People who are looking to learn often want to do so with others. There’s no better way to learn by asking questions, sharing ideas, and getting feedback than in a community. This is where learning communities come in.
A learning community is a group of students, teachers, and staff who come together sharing similar goals for the growth of knowledge. This may look like a college course where students are learning at the same time in the community, or it may be self-paced where the community is where students come to discuss what they learn after the fact.
Codecademy is a premier example of what a learning community can be in an online space. Students take courses at their own pace, but along the way they can join the community, ask questions, and get help with the shared goal of becoming better software developers.
We had a great talk with Fede Garcia Loca of Codecademy at Bevy’s 2021 Partner Spotlight if you’re interested in hearing more about how they run their learning community platform.
Networks are all about connection. In an online space, sometimes people like to come together to connect with others who are like them. This is where a networking community, also called a community of practice, comes in. A networking community is focused on connecting one person to another for a specific purpose.
Business networking is one type of networking community, where members look to connect with other like-minded people in their industry or profession. Communities of support are also a type of networking community, as individuals seek connection with others affected by the same circumstances such as a chronic illness or condition.
Feverbee Experts is a community for community professionals to connect with one another, share ideas, ask questions and get help in building their community. Even though they’re the professionals, community managers need a space, too!
Giving those dealing with the challenges that come with a multiple sclerosis diagnosis a place to find support is the point of the UK Multiple Sclerosis Society’s community.
When I think of an online community, I often think of the forums of the late 90s/early 2000s. Before social networks, these were the social gathering points on the web where discussions took place about politics, video gaming, music, and the little parts of life. This, in essence, is what a social community is. The members of these communities come together to discuss whatever they want to socialize. Think of this as a sort of cocktail party or in-person meetup.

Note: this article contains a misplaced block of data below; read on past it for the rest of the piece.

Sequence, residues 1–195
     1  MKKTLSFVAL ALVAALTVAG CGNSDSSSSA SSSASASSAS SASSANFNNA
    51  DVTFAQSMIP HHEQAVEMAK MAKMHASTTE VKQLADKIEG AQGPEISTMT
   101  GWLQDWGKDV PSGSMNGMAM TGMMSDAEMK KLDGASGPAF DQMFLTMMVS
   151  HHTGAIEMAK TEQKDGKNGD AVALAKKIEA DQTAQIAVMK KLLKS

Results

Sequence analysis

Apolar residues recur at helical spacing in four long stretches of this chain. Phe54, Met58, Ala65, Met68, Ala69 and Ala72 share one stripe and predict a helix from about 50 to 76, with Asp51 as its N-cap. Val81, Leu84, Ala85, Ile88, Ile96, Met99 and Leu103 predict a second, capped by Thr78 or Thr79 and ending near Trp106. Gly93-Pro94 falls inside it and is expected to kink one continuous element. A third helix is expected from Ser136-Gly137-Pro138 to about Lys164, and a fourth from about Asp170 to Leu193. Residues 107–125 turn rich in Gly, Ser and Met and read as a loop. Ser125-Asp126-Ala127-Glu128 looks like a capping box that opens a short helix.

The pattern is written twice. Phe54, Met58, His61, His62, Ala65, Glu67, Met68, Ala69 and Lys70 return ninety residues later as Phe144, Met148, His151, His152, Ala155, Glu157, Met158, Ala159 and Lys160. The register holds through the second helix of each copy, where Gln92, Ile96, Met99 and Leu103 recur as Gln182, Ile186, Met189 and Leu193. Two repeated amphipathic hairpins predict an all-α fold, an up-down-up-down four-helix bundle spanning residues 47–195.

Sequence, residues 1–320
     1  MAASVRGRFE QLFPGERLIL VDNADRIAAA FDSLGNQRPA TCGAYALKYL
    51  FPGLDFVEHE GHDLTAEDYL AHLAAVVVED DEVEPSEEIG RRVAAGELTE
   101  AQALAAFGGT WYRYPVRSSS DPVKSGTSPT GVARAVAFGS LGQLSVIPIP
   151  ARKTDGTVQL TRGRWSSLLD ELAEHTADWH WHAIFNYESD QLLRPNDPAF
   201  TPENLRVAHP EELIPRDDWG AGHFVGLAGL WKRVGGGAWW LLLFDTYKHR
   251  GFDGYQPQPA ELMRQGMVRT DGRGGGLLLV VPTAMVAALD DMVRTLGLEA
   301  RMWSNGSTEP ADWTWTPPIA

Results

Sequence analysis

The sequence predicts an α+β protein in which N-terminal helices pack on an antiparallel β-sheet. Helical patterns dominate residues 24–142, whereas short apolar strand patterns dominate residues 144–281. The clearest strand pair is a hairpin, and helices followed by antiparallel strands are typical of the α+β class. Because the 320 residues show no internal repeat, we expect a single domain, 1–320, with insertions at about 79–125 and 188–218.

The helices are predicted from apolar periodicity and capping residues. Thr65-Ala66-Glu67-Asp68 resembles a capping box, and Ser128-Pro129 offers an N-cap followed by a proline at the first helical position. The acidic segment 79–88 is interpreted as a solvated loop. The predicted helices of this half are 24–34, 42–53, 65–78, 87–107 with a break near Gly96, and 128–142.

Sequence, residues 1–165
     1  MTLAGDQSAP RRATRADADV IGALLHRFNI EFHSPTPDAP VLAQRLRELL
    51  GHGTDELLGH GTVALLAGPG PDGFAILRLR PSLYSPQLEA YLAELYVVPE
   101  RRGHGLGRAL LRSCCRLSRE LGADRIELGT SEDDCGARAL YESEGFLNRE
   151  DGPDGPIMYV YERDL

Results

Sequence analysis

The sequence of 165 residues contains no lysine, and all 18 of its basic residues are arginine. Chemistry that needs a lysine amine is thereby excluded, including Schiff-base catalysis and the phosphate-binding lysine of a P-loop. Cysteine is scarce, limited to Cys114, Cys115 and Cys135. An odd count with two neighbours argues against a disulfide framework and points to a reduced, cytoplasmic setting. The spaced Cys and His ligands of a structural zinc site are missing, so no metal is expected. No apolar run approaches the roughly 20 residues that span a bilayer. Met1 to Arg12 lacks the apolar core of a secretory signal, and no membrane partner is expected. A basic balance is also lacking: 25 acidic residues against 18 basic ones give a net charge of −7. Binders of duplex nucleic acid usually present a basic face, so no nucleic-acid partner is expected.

Drowned in Sound is one of my favorite examples of a social community. Ever want to talk about your favorite bands with other passionate music lovers? A social community like Drowned in Sound fits the bill, but also expands into other topic areas its members are interested in.
One of the oldest continuing forums on the Internet is The Straight Dope Message Board, a forum born from Cecil Adams’ long-standing column in the Chicago Reader. It’s another shining example of a social community where you’ll find discussions around nearly any topic. Fun fact -- our CEO Jeff Atwood originally shared the idea for Discourse on The Straight Dope’s old forum, which is now actually running on Discourse.
Fan communities, including fandom, have exploded in recent years. These types of communities usually form around favorite books, movies, and other media. They can also form around a favorite creator, such as a musician, artist, YouTuber, or streamer. While fan communities can be public and open to anyone participating, increasingly creators are making private communities for those who support their work through channels like Patreon.
Amanda Palmer’s community is a closed group solely for her patrons on Patreon. With over 12,000 patrons from her crowdfunding efforts starting in 2015, her group has become a prime example of how a creator can build a community from a fanbase.
What are You Building?
While communities are like people in that they don’t fit perfectly in a box, you can use these types as a framework for thinking about how to best help your community members. Your group may strictly be for fans, or it might be a hybrid brand/support community. What’s most important is to find a model that works for those you seek to serve.
So, with these types in mind, what are you building? Let us know in the discussion linked below.